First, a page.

Permissions – the headache that protects us

June 18, 2008

We recently learned the importance of the permissions system of Second Life. Having newly created inventory transferred between our business associates taught us how important.
I confess that I had given the whole permissions system (with regard to IP rights) little more than a cursory glance, simply relying on it to do its thing.
I know now that modify rights are fairly straightforward. Copy and Transfer rights are more closely related to each other. Having an object that you intend someone else to own should not be composed of objects which contain things, such as animations or other objects, which have permissions contrary to the permissions you intend to set for the whole.This is just a good practice, but it is especially important if you want the intended owner to have any copy or transfer rights.
Bear in mind that I am talking about the permissions someone else will have when they buy or are given the object in question.
I believe modify rights are a little less touchy. You can set textures and scripts contained in a modifiable object to be no-modify. This is important for something that you wish your customer to be able to resize or adjust, but which contains scripting it would be best if no one went mucking about with, or if it has texture which is set just so and should not be changed. This cuts down on customer service calls 🙂

If you intend to build things to sell, learn the SL permissions system. It’s worth it.

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3 Responses to “Permissions – the headache that protects us”


  1. What makes the situation even more complex is that we do not sell our merchandise directly, but by mean of a proxy account. So it is not the creator who passes along objects to the owner, but the creator – Ivanova – passes it to the proxy avatar, and the proxy passes it on to the final owner.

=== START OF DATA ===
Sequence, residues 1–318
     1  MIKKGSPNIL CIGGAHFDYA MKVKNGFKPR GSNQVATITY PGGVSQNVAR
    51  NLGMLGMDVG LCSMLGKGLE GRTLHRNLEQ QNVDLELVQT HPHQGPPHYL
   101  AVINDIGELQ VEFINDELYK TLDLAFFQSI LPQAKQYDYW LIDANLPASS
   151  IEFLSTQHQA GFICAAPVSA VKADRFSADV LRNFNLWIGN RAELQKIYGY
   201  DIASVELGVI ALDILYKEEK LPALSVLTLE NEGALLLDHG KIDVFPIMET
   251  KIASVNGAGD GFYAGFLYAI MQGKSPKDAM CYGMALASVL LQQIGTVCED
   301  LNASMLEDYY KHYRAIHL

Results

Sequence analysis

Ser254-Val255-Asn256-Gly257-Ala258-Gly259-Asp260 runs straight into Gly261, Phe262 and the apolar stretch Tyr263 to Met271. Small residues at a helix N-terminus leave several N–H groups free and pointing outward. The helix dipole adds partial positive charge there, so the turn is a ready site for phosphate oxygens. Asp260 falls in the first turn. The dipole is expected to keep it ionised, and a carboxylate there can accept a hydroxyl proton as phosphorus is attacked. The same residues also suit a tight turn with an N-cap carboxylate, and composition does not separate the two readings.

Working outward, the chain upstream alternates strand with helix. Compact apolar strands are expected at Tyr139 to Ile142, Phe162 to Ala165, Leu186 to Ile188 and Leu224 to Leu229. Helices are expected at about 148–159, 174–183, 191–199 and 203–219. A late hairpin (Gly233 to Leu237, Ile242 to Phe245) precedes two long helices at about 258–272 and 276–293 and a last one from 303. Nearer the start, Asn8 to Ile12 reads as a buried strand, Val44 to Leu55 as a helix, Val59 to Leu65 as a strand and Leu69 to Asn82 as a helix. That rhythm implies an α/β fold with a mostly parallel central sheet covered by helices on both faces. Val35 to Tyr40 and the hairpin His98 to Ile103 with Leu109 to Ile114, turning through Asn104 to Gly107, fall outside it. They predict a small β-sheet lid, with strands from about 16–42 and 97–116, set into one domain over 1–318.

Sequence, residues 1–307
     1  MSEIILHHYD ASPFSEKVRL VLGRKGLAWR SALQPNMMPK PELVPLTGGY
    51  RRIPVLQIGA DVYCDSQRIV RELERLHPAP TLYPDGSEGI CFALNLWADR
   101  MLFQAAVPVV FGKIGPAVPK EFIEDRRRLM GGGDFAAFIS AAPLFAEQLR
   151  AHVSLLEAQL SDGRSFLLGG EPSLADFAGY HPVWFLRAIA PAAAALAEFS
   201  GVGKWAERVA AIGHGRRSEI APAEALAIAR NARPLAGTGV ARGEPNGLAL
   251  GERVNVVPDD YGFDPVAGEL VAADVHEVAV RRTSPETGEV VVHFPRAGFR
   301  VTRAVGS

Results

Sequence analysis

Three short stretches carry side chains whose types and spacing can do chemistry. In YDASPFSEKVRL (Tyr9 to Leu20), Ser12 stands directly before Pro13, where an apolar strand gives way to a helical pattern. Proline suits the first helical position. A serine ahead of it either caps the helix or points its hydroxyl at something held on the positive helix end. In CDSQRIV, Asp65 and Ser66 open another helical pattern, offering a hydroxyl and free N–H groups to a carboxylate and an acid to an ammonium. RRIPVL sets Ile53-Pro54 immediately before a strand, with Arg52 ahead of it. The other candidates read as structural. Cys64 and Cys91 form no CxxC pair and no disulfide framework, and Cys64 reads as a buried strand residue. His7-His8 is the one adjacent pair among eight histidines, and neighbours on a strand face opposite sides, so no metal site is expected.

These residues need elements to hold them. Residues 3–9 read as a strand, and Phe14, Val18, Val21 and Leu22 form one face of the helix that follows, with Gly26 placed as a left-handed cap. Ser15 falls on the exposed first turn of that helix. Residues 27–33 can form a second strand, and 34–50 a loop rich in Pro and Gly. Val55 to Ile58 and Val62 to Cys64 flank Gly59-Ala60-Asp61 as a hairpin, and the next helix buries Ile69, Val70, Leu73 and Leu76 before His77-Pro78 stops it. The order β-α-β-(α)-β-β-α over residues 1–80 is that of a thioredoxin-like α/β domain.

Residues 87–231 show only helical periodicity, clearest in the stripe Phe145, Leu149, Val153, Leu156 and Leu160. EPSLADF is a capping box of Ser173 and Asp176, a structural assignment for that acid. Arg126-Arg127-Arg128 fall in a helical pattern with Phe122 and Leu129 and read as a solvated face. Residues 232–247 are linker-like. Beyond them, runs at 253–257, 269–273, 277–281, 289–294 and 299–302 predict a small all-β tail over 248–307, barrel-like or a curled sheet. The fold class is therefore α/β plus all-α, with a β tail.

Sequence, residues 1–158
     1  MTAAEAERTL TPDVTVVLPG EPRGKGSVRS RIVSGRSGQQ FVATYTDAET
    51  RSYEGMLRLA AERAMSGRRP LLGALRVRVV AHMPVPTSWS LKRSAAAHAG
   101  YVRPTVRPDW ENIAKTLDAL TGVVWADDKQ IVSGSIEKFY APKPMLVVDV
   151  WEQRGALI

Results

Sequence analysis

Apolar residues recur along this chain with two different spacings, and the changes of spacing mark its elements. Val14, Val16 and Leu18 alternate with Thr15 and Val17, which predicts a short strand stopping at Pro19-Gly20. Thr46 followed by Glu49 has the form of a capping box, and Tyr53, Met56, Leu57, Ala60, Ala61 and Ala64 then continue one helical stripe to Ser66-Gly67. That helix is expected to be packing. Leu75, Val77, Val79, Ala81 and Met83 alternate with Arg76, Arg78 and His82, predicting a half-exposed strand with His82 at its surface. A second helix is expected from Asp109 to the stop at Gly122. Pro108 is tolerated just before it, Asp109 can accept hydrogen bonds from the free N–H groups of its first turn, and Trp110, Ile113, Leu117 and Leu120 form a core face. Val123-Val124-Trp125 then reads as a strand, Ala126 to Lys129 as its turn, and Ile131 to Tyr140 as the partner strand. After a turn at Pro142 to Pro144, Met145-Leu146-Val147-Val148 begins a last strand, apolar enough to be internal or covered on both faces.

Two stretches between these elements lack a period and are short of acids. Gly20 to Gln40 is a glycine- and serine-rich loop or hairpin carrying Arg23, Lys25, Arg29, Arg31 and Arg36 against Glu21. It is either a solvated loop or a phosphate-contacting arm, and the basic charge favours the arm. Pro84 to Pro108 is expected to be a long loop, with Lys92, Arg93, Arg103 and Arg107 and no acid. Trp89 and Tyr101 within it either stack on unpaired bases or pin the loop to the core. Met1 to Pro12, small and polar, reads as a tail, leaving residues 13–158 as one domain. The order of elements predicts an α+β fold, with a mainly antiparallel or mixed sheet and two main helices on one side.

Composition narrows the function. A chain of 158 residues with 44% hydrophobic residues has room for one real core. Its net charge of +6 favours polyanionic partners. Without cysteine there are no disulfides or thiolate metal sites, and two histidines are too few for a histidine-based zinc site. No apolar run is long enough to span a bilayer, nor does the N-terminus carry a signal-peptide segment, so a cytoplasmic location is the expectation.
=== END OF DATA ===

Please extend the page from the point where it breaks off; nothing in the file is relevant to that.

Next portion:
2. Thaumata Strangelove Says:

    It’s worth noting that if your object contains scripts and you have the object set to no-mod, your end-customer will not be able to reset the object should it hang up or otherwise become borked. They will have to rez a new copy entirely. I learned that one the hard way.


  3. Thank you Thaumata. We have made our furniture so that customers can modify it.
    We have no copy versions and no transfer versions of our products, everything about them is modifiable except for their scripts. This way they cannot accidentally break the scripts. But they can add a tint to individual components or even replace the textures with ones of their own making.
    While it is true that no mod scripts cannot be edited or viewed by their owners, and thus they cannot be turned off individually, it is possible, since the customer can modify the whole product, for them to turn off all scripts running in the product using the tools menu while in edit mode.
    The customer who wants to, may turn off the existing scripts and add their own scripts, and their own animations if they are so inclined.
    We will generally advise against modifying a no copy item extensively.

    Thank you again for this very helpful comment. It will make a good post in our blog. 🙂


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